Opera Philadelphia launches its new Opera In The City series on November 2nd, presenting unusual opera productions in unconventional spaces. As WRTI’s Jim Cotter reports, the first production treats audiences both as spectators and guests at a Balkan wedding celebration.
David Patrick Stearns reports on how The Philadelphia Orchestra turned the cancellation of a high-profile concert in New York City, into a triumphant civic celebration in Philadelphia. This, just days after an enthusiastic, 5,000-strong crowd gathered on Independence Mall to witness Opera Philadelphia’s season-opening production.
Philadelphia’s premiere opera company begins its new season this month with a new name and a fresh approach to presenting its work. The Opera Company of Philadelphia starts its first season as Opera Philadelphia. The name changed to better reflect the diversity and scope of its artistic output.
Now, from the traditional opera company that grew out of the 1975 merger of the Philadelphia Lyric Opera Company and the Philadelphia Grand Opera Company, comes a producer and presenter with a three-stranded approach. And, says General Director David Devan, maybe even three separate sets of audiences.
Being a duchess doesn't make her a lady. Hailed as "a masterpiece of contemporary music drama" by The New York Times, the operaPowder Her Facehas earned infamy in musical theatre history for its half-hummed, half-sung aria depicting the main character’s insatiable appetites.
(left to right) David Devan, general director/president of Opera Philadelphia; Richard Worley, Phila. Orch. chairman; Yannick Nézet-Séguin, Phila. Orch. music director; Allison Vulgamore, Phila. Orch. CEO & president; Opera Phila. Chairman Daniel Meyer
Even before The Philadelphia Orchestra's new music director took up his post, he'd begun reaching out to other arts organizations. As WRTI's Jim Cotter reports, the Orchestra is now set to present an ambitious co-production of a Richard Strauss masterpiece with Opera Philadelphia.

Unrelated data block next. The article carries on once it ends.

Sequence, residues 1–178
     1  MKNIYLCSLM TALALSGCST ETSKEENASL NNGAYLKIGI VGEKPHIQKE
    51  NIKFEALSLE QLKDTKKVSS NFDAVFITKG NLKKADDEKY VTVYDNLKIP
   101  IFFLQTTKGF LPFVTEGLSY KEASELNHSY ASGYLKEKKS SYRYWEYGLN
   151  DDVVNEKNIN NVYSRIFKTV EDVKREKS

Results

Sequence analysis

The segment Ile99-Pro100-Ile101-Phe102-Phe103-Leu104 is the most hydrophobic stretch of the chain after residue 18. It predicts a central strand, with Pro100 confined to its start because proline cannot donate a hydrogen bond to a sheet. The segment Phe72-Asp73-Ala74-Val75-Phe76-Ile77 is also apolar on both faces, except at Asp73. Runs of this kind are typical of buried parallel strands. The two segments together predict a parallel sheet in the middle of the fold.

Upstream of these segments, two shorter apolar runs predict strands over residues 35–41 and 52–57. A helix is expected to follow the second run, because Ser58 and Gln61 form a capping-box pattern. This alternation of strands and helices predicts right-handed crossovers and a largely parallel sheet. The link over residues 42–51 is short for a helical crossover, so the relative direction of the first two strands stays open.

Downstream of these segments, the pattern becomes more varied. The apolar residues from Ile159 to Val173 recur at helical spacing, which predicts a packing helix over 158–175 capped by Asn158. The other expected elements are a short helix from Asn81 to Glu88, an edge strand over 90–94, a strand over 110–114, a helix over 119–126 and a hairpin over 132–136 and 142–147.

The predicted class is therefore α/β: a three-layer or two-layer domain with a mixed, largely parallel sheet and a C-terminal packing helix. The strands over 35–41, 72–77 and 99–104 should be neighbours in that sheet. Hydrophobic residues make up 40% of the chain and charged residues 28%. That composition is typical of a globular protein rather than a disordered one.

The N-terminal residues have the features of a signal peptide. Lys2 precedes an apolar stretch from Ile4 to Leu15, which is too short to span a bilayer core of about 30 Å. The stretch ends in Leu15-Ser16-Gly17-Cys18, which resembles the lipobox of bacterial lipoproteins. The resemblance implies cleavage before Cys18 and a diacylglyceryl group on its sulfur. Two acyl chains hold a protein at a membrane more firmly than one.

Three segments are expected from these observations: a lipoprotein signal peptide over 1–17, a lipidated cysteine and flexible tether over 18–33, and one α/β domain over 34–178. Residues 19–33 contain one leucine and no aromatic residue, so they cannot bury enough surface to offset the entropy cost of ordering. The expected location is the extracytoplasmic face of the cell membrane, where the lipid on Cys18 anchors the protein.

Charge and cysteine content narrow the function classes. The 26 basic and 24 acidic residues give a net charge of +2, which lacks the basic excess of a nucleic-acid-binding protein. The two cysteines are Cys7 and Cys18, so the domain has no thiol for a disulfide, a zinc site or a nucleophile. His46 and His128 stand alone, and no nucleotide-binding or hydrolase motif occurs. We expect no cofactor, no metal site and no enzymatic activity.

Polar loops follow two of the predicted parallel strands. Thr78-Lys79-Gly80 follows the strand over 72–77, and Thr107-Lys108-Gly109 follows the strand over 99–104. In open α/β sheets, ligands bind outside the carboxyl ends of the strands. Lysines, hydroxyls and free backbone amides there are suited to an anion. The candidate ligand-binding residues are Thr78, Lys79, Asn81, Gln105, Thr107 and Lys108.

This week Opera Philadelphia presents the East Coast premiere of Silent Night, the Pulitzer Prize winning opera by Kevin Puts and Mark Campbell. As the Philadelphia Inquirer’s David Patrick Stearns reports, it promises anything but stand-and-sing performances at the Academy of Music.
Silent Night’s depiction of a World War I Christmas Eve truce is inevitably preceded by battles on a raked, revolving stage. The model was the movie Saving Private Ryan, though director Eric Simonson admits singers can’t be dismembered onstage.
But you can stab them for a really, really long time with a bayonet. You can strangle them with a shovel. And that’s what we did… We want them to feel what the warriors are feeling.
The Philadelphia Inquirer's David Patrick Stearns speaks with Silent Night Director, Eric Simonson about the critically acclaimed opera by Kevin Puts and Mark Campbell.
The piece begins innocently enough with a quasi-Mozartean duet, interrupted by the declaration of war. The story traffics in similar territory to the PBS series Downton Abbey, though Silent Night was well underway first – with a fundamentally different focus says composer Kevin Puts.
The war is the main character. It’s ever present and the reason all this conflict exists.
One daring, personal touch is how much of the opera is, in fact, quiet, especially at the end. Librettist Campbell wants audiences to contemplate what they’ve just seen.
The way Kevin ends it with those beautiful notes and it’s snowing. It really succeeds at what we’re trying to say…you have to know when to use two or three notes per square inch and when you need 3000 notes per square inch
Puts and Campbell are now adapting The Manchurian Candidate, and later, will write something for Opera Philadelphia’s Perelman Theater series that’s even darker and….hasn’t been announced yet.